But we can't draw any conclusions or generalizations from this. Oh no, that would be bigoted.


Excepting the attacks on the WTC and a few other, all terrorist activity in America (OKC bombing, Church Bombings, etc.) have been commited by white dudes.

Angry white dudes.

You were saying about jumping to conclusions, Mr. Terrorist ?
posted by Pogo_Fuzzybutt at 9:40 AM on July 9, 2010


So, of course, were Sikh extremists, from whom you’d think we’d have learned a lesson, and maybe we finally have. Fortunately, the moral relativists and Islamofascist apologists of MetaFilter aren’t running CSIS and the RCMP, or we never would have arrested these men and, through due process of law, found so many of them guilty.

Naw, CSIS and the RCMP are just run by incompetent assholes. Much better than imaginary moral relativists and Islamofascist apologists, if only because they have the edge of actually existing.

Because that would just have been profiling, a far worse sin that storming Parliament and beheading the prime minister.

Easy to say when - I'm going to assume your handle isn't short for Joemar Al-Clark - it's not your rights and liberties at risk. And really, that would depend on the Prime Minister. Would anyone really care about Bowell? I mean, even his name is off-putting.
posted by Alvy Ampersand at 9:54 AM on July 9, 2010


a far worse sin that storming Parliament and beheading the prime minister.

Behead Stephen Harper?

Just watch me.
posted by GuyZero at 9:59 AM on July 9, 2010


You'll have quite a hard time with that GuyZero since its stuck so far up his ass.
posted by Sargas at 10:39 AM on July 9, 2010 [4 favorites]


If there is a pattern to be found in the motives of these men, the article offers the following as the evidence. Here are the men described as having a motive for the act for which they were arrested and a quote about that motive from the original article.

Saad Khalid: "A former University of Toronto business management student, Khalid told a psychiatrist his actions were motivated by a religious obligation to change Western policies he felt were hurting Muslims."

Saad Gaya: "The McMaster University science student told a judge he was not driven by a 'dark ideology of hatred, nihilism and destruction,' but by the suffering of Muslims worldwide."

Qayyum Abdul Jamal: "Jamal, who worked as a school bus driver, was originally portrayed as the group’s firebrand ringleader because of his age and conservative views."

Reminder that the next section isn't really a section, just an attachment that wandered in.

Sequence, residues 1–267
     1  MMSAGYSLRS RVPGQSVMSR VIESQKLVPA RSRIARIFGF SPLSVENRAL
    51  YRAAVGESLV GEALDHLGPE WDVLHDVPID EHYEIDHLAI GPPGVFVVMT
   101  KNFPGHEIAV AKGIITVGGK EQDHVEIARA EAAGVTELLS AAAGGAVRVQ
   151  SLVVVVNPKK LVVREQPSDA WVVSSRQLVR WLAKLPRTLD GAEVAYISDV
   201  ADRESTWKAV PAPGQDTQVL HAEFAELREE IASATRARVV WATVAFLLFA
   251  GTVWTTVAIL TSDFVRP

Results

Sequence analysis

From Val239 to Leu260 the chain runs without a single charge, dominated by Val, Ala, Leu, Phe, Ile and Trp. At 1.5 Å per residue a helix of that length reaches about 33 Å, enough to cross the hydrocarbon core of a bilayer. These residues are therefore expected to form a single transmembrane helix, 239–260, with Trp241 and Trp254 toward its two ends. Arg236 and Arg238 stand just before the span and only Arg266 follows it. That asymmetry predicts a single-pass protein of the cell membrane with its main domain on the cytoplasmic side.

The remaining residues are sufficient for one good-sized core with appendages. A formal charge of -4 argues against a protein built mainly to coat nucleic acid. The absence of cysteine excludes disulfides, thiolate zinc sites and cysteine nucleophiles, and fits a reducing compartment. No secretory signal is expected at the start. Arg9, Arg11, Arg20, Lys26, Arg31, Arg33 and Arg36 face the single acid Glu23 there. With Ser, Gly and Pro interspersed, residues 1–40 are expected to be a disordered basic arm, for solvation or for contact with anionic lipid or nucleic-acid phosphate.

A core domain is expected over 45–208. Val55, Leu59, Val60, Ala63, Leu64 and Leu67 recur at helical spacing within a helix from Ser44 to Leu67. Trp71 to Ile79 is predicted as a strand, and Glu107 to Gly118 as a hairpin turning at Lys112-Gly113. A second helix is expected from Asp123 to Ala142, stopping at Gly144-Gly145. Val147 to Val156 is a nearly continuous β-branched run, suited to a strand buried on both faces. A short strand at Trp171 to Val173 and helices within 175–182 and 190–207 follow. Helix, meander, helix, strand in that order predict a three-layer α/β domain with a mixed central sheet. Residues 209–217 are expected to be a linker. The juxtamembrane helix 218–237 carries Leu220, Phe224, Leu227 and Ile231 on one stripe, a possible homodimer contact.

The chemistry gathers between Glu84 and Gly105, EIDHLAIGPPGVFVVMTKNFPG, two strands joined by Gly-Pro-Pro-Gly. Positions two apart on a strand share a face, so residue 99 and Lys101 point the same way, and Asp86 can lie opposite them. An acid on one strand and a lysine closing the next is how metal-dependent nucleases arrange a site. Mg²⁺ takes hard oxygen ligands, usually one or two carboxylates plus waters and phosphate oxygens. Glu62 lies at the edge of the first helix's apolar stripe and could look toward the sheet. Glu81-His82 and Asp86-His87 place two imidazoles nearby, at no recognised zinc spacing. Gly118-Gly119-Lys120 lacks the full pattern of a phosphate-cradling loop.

Yasin Abdi Mohamed: "He claimed he had purchased the gun for protection in his sideline business of selling U.S.-purchased designer clothes on the streets of Toronto."

Zakaria Amara: "Although the university dropout’s once lofty ambitions of studying abroad and becoming a great Islamic scholar were distant memories, he still clung to a desire to do something great for Allah. Consumed by the suffering of Muslims worldwide and inspired by al-Qaeda, he plotted to settle that score." [...] "'I used to think that I needed to support Muslims in every act they take.'" [...] "The topic of jihad surfaced, with Amara asking if [infiltrator] Shaikh was a cheerleader from the sidelines or in the game: 'Is jihad an individual or communal obligation?'" [...] "Amara reached into his bag and handed Shaikh conservative Wahabbist literature texts." [...] "Amara was also determined to capture their exploits on camera, which Ahmad wanted to send overseas to impress jihadi leaders." [...] "'We’re not officially Al Qaeda but share their principles and methods,' Ahmad declared at the camp. He also delivered a fiery campfire speech that was videotaped, in which he urges attendees to wage war on the West. 'If we don’t (get) a victory, God willing, our kids will get it,' says Ahmad, who can be seen in the dark and grainy video hunched under a tarp shielding himself from freezing rain. 'This has to get done, Rome has to be defeated.'" [...] "'I know what I’m doing,' shot back Amara, saying in war one needs to follow the teachings and decisions of shaikhs such as Osama bin Laden." [...] "The trio attended Friday prayers, with Abdelhaleem advising Elsohemy to read a lot of the Quran so 'God will make it easy.'"

Fahim Ahmad: "He believed the West was at war with Islam - he called it a 'global fight' - and identified Canada, with its military presence in Afghanistan, as part of the problem. That’s why, reasoned Ahmad, it was justifiable to strike at the government and Canadian troops here, before soldiers even arrived in Afghanistan."

Jahmaal James: "I can train, fight and get shahada."

Shareef Abdelhaleem: "I have been also toying with the idea of going to the ultimate duty for our Lord back home." [...] "Abdelhaleem, who was the middleman, told Elsohemy of how the 'Battle of Toronto,' would 'screw Stephen Harper, the government and the military.' Canada would remove troops from Afghanistan, said Abdelhaleem, 'because they’re not tough like the British and the Americans. . . . Canada will be shut down.' When speaking of Amara’s plot, Abdelhaleem described 'blood, glass and debris' for several blocks and predicted the explosion at Toronto’s CSIS offices would bring down half the building. 'The explosion itself will have a secondary explosion from the cars around it. Flames would stretch like from here to the end of Mandarin . . . all the parked cars will burn.'